March 16/13 – 6 months

Each month is a milestone but this day is particularly special to me.
It has been 6 months since I decided to do something about my ‘out of control’ eczema.
6 months since I made the executive decision to stop my reliance on topical steroids.

The memory of blistering-oozing-red-itchy-dry-flakey-bumpy-skin is all too familiar. I remember all of it as if it were yesterday.

Remembering these episodes and flipping through pictures of my busted up physique either reduces me to tears or leaves me feeling angry and bitter.
It is at times like these where I’d much rather pretend nothing ever happened.

I also have conflicting feelings.
As time passes and the symptoms become less and less apparent,
I will slowly forget the exact details of my first steps on this journey.

Should I try to block out these painful memories or should I choose to never forget this page in my book so it will serve as a constant reminder that things in life can go just as fast as it came?

The next milestone will be 12 months.
I look forward to more healing before the big 365.
And hopefully, just maybe this chapter will be over and done with before then.

time heals all wounds.


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5 thoughts on “March 16/13 – 6 months

  1. Apologies in advance for the long reply. I figured it would be better than strewing comments across multiple posts.

    In my opinion, your memories of experiencing TSW should be stored in the back of your mind, in case you ever need to “access” them. For me, they serve as a constant reminder that life is short… for all I know, I could get run over tomorrow (not to be pessimistic) and bam, it’s over. It keeps me aware, and reminds me to always stay humble and loving. Of course, constantly pondering why your skin is so ugly and downplaying yourself leads to depression and suicidal notions, hence keeping these thoughts and memories in the back your mind.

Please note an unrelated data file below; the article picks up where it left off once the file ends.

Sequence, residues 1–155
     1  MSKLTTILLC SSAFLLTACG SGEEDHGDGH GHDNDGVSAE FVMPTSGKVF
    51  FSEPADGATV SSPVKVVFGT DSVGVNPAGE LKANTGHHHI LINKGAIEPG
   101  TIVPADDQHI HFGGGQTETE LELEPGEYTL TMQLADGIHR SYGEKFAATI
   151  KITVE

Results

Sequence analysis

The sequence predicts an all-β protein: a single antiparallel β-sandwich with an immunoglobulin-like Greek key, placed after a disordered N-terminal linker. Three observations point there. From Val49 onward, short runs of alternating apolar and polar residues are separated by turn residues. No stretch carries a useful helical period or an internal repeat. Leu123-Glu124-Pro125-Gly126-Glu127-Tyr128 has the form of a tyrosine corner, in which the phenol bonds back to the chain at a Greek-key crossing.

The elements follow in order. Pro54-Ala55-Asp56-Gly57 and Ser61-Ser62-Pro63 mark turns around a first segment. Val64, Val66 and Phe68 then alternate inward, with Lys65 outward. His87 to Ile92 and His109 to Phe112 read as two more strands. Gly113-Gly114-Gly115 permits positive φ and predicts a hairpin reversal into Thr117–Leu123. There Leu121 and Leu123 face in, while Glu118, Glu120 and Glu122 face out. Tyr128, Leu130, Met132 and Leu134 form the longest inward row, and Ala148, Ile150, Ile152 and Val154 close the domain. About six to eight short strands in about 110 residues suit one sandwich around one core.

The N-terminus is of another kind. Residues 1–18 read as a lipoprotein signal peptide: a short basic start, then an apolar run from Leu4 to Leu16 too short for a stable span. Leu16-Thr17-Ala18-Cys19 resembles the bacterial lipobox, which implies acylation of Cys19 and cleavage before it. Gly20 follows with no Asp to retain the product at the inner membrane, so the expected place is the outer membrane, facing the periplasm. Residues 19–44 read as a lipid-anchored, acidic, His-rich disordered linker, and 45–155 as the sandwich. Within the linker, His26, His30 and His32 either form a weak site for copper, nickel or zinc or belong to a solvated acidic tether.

Onto slightly happier topics… hehe. I was also advised by my doctor to stay away from cold and fried foods, as well as sweet foods. However, she didn’t believe me about my TSW, and blamed my terrible skin on allergies and whatnot. Ironically, she discouraged me from using steroid creams (ha, one step ahead of her!). Your acupuncturist sounds extremely helpful and understanding; do you recommend finding a reliable acupuncturist for herbal medicine and other stuff? I’m inherently afraid of needles though. 😦

    Finally, is there a specific moisturiser you use for your dry skin? I wake up everyday with incredibly dry and flaky skin that persists 24/7, and my Vitamin E cream isn’t very helpful. I’ve been trying to find a better moisturiser to no avail.

    Thank you very much,

    FOTB

    P.S. I also thoroughly enjoy your quotes at the end of your posts… “new year, new me”, “time heals all wounds” etc. Awesome stuff!

    1. I totally agree with you and I definitely had suicidal/depressed thoughts during my first 2.5 months of withdrawals. It is extremely difficult to stay optimistic when your skin is either itching, burning, oozing, flaking or all of the above! While I’ve been pretty much itch free since the beginning of December, my hat goes off to the people who have to go though this for years. It can really take a toll on an individual’s emotional state.